Sunday 12 July 2009


Nice, I just noticed that my Master's thesis article is already available online [1]. Well, you can take a look at it if you are interested in excited state proton transfer or if you want to know what I did for my Master's thesis. I'll put some additional things here that did not make it there. This is basically what happens:

Bipyridyl-diol has two intramolecular hydrogen bonds. You excite it with UV light wait a few femtoseconds and the protons get transferred. It was understood that the double-transfer product DK is finally formed. The main question was wether there were sequential and/or concerted transfers. The general idea was that there would be a branched reaction path: An ultrafast (100 fs) first step that was either a single or double proton transfer and a "very fast" (10 ps) step from MK to DK. According to us it looks more like there is no branched reaction but rather a dynamical equilibrium between MK and DK that cools toward DK. Well I hope some experimental groups are still interested enough in this system to test for this hypothesis.

This is one trajectory, a simulation of the molecule for 300 fs after UV excitation.[2] You can see a very quick initial transfer and then some more transfers.

Actually I wanted also to show the development of the normal modes in the video. To compare them with the results of Stock et al.'s experiment. But this does not seem to work out here because the videos need to have a fixed 4:3 format. So I'll just show a figure. The important thing is that there is strong participation of the totally symmetric modes (blue, red) even if the process does not conserve the symmetry. Another very interesting thing is that activation of the non-totally symmetric (black) mode is a violation of the Franck-Condon rules. A way to explain this is that the Franck-Condon rules work only under ideal assumptions and not with a strongly anharmonic reactive potential.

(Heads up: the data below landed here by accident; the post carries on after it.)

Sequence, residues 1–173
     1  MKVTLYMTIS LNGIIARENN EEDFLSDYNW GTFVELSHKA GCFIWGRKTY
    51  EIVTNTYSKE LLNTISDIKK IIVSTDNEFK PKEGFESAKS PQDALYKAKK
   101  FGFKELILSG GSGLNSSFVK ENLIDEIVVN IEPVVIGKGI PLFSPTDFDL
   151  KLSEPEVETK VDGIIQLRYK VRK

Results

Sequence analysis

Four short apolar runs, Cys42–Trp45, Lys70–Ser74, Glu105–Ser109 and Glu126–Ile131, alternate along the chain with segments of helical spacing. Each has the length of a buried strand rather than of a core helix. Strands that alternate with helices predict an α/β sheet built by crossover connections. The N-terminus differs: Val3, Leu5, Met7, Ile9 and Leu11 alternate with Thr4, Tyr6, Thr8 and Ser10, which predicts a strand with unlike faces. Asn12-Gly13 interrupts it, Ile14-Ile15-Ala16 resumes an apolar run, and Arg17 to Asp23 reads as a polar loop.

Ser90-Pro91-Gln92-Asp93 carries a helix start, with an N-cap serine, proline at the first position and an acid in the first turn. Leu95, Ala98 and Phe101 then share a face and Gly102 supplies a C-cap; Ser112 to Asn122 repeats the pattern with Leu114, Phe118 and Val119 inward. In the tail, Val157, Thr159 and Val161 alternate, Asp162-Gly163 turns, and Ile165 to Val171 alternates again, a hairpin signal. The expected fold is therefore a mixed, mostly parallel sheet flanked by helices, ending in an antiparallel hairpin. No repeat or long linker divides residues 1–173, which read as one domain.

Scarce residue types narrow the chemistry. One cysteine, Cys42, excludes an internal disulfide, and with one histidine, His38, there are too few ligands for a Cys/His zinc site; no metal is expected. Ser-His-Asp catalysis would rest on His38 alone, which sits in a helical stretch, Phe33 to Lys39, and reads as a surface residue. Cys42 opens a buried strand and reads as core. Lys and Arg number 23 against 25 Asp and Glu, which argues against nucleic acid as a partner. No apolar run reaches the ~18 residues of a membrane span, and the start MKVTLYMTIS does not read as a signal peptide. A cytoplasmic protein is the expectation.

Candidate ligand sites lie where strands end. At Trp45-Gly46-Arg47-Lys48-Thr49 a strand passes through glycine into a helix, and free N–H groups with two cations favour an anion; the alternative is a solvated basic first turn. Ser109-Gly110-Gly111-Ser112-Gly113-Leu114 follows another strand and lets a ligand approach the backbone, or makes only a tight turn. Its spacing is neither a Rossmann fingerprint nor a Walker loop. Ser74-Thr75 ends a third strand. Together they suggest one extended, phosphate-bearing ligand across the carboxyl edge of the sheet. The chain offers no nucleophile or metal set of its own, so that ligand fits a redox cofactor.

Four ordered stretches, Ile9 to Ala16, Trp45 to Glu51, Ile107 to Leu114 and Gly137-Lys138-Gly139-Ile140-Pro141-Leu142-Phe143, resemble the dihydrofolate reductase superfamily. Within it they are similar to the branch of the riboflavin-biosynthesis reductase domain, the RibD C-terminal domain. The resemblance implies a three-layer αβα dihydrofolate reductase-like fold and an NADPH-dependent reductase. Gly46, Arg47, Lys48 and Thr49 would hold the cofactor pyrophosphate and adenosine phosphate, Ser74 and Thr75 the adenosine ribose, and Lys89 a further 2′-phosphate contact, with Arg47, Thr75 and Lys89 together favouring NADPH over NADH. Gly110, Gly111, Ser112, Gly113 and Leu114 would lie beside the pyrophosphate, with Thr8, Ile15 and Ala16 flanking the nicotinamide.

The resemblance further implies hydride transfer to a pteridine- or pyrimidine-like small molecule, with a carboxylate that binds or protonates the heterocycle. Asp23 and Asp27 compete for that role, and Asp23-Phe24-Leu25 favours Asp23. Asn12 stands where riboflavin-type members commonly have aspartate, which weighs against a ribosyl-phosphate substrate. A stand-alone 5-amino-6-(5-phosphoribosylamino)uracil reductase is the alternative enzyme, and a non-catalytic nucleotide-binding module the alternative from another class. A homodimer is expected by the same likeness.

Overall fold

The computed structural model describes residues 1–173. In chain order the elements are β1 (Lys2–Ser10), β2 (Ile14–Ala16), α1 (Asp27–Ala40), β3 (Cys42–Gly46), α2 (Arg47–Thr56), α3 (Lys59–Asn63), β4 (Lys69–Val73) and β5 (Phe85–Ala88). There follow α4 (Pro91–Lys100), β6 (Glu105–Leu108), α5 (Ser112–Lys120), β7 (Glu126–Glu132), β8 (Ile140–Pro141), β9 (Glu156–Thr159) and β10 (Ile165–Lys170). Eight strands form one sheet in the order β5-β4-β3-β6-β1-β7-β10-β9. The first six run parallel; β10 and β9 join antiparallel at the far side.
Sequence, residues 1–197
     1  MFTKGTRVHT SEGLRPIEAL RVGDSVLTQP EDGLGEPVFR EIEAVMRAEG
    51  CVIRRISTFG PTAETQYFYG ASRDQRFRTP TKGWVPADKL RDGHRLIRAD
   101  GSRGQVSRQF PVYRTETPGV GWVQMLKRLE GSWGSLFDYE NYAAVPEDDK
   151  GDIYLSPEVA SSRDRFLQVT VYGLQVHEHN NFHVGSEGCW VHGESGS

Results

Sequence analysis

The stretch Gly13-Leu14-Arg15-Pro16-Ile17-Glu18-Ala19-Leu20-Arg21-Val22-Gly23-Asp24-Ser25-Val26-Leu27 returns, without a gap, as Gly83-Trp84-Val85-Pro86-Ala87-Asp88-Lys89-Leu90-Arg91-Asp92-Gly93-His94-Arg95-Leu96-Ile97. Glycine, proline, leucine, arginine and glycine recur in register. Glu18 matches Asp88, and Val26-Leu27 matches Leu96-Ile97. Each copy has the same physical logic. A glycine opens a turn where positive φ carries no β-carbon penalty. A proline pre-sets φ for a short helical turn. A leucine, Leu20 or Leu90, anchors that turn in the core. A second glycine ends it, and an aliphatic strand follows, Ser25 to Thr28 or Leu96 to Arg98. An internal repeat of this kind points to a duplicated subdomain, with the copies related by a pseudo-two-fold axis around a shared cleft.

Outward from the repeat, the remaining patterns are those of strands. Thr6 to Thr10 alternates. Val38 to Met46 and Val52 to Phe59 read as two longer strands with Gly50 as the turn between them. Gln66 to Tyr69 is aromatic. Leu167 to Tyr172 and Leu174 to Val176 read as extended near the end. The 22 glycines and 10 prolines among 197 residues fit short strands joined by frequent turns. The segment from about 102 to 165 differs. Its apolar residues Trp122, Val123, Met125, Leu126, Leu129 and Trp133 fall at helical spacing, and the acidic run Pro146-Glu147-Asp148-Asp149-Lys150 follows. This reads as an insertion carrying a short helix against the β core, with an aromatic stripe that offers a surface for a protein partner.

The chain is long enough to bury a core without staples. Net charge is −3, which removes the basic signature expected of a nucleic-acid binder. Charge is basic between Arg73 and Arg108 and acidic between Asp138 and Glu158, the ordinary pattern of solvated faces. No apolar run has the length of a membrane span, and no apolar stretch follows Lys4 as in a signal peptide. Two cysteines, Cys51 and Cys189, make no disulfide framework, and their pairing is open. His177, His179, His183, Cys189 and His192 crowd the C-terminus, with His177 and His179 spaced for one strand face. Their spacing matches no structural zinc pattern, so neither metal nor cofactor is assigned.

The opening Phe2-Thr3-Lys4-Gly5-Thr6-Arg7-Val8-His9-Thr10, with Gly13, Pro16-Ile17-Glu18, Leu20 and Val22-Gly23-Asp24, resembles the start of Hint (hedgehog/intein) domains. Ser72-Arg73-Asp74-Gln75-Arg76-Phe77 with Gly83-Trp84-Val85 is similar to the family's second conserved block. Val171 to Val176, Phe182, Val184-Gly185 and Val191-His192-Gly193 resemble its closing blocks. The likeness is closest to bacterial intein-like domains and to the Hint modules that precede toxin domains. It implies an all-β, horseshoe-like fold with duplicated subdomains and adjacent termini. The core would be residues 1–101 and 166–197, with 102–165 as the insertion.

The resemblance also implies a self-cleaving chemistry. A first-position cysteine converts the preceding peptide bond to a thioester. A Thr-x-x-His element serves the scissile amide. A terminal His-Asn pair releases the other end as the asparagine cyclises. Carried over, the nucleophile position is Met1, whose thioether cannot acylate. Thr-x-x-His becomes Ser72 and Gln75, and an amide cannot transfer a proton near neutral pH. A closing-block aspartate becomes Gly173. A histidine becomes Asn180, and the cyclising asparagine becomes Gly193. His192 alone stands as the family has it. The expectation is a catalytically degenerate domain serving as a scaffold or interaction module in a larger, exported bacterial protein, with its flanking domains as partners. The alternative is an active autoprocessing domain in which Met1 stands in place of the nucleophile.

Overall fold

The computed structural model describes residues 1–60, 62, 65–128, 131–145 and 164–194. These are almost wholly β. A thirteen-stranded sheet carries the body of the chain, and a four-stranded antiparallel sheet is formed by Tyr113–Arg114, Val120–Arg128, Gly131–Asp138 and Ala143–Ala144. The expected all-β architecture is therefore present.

Here is another trajectory for comparison. In this case the second proton transfer occured only a little bit later.

Actually another nice figure would be this one. What I am doing is projecting the trajectories onto a normal mode. And then I can average for every time step over the 36 trajectories that we ran. This time-dependent average should represent the coherent motions. Here I am showing 17ag, an aromatic breathing vibration, which is the classical case for a coherent Franck-Condon excitation (in the context of proton transfer the lower frequency skeletal modes were of more interest). In the harmonic vibrational analysis that we did at the DK equilibrium geometry, the mode has a wavenumber of 682/cm. This corresponds to a period of about 49 fs. Well and there really is a coherent oscillation with just that frequency. So we see that the harmonic vibrational analysis at the minimum and the dynamics nicely work together. If I compute the standard deviation over time of this time-dependent average then I get only one number per normal mode. These numbers are what we are showing in Fig. 10. And by the way: The tools to do this are in the new Newton-X version (aside from many other nice things ...).

[1] And interestingly there is a direct link to facebook which of course I had to click.

[2] One of these 300 fs RI-CC2/SVP-SV trajectories takes about a month on one processor.

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